Innovate Finance Global Summit: Brexit Update from the CBI

Kylie Greeff
26th March 2018

This week our MD, Daniel Rajkumar and NxD Georgina Mitchell attended the Innovate Finance Global Summit in London.  The summit brought together the world’s leading innovators, institutions and investors to regulators, policymakers and startups. With the UK and EU greatly furthering the progress of the Transition Agreement on Monday, Brexit was a topic in everyone’s minds and guests at the summit enjoyed a robust panel discussion on Brexit and the Transition Agreement.

Panellists for the discussion included, Iain Anderson, Co-Founder and Executive Chairman of Cicero Group (moderator), Rachel Kent, HoF Financial Services at Hogan Lovells and Carolyn Fairbairn, Director General, CBI.

One of the biggest drivers for a finalisation of the Brexit Transitional Agreement is UK and EU businesses, the lack of a firm and reliable agreement and ‘Brexit Date’ is causing significant uncertainly for UK businesses and their EU counterparts. The agreement on the transition period is a welcome step forward and has bought time for firms planning for Brexit.

Talking about whether the latest agreement has gone far enough to help businesses plan for the future, Rachel Kent, says that the “Transition agreement is a pragmatic approach towards mitigating a hard Brexit, but without a legal precedent, firms with contingency planning should continue refining their plans”.

Protection of the UK’s Financial Sector, is a key concern for the UK government and the global financial service institutions that have chosen The City as home. When and how these businesses will need to fit into the new framework will be crucial to their long-term success and the reputation of UK Financial Services. One of the difficulties in coming to a final agreement seems to be that Brussels is asking for equivalence, which seems impractical for certain industries given the size and nature of the UK financial services sector.

Discussing whether the media spotlight the Brexit negotiations have had on them is affecting their progress and possibly the final outcome, Carolyn Fairbairn says “Negotiations are playing out in the press, that’s normal and will continue, however pragmatism is growing. “BDI (CBI counterpart in Germany) have been advocates for pragmatic transition and we speak with them every week.”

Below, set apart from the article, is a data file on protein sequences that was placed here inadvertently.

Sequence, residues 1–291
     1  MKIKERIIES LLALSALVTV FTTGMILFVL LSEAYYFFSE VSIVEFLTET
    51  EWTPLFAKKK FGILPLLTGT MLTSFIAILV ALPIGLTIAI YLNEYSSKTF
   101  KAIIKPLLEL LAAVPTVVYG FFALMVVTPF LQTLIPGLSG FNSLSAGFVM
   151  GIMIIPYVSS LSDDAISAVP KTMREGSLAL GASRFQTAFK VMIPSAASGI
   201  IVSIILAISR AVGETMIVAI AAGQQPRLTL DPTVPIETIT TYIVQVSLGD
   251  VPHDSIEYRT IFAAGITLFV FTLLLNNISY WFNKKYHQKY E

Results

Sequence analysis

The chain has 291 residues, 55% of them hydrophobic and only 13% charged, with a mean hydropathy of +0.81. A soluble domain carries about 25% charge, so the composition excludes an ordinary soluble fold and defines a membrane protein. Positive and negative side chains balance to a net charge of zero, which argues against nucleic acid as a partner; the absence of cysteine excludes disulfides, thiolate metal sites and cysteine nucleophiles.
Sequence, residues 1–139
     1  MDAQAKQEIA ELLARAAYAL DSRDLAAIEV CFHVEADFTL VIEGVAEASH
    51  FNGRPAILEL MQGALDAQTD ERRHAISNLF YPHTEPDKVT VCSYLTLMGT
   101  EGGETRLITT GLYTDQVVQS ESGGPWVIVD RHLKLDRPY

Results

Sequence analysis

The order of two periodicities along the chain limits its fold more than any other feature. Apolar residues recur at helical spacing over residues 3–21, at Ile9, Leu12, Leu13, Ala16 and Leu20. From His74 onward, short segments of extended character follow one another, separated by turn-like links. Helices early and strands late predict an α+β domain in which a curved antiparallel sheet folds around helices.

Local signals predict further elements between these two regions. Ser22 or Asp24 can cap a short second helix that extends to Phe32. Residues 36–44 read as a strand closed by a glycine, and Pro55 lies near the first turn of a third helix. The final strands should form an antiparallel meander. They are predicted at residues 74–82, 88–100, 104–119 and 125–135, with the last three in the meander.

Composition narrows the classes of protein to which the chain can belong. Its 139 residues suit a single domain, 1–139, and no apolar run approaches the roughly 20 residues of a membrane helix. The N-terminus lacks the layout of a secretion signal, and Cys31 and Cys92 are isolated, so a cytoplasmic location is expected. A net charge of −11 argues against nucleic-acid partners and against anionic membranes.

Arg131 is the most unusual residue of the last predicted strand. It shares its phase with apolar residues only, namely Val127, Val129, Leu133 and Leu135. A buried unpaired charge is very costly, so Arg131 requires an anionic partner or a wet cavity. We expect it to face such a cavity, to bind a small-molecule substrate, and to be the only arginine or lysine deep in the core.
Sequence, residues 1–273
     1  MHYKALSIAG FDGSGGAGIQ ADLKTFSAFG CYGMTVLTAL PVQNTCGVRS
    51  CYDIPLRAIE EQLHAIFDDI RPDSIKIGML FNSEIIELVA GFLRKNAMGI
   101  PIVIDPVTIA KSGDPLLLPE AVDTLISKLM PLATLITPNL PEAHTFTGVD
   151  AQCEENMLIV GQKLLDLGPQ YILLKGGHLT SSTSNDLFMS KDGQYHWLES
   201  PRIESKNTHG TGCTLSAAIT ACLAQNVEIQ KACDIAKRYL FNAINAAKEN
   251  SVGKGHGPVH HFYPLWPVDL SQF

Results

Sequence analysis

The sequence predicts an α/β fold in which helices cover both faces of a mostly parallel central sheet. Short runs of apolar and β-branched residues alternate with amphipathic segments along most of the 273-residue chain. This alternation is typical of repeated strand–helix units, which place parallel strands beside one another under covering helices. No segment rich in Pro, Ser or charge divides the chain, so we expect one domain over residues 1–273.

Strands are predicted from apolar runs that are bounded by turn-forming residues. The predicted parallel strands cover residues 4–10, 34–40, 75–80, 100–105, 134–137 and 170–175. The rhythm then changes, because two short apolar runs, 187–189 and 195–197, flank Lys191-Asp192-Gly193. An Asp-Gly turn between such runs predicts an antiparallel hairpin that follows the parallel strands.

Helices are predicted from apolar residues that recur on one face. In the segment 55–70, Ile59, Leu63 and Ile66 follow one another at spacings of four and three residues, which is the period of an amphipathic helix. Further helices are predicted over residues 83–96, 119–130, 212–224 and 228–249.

What does the UK need to ensure they secure from the negotiations?

It has been clear since the start of the Brexit negotiations that the UK must ensure that it retains or can competitively attract the people, skills and talent needed to support UK competitiveness. The UK has many universities in the Top 100 global higher education institutions. Being able to seize the opportunities to compete through employment of well nurtured talent will be crucial to the UK’s continued success in the international markets.

The lack of Passporting Rights for UK financial services businesses has been a significant worry for the UK, however whilst “ The Prime Minister has ruled out passporting, it does not mean we can’t have frictionless trade. Obtaining a license to operate in one jurisdiction should make it easy to obtain a license in another.”, says Rachel

Businesses will need to get more creative in how they structure their businesses and partnerships to overcome some of the difficulties the final agreement will present.

The final Transition Agreement is yet to be finalised, many conversations with Brussels begin with ‘is there not a way you can avoid leaving’ but soon move onto practical planning. So whilst there are still many hurdles to overcome, businesses can take comfort now that a hard Brexit looks less likely, and that at least now they can start making more certain contingency planning easier for SMEs throughout Europe.

 

 

 

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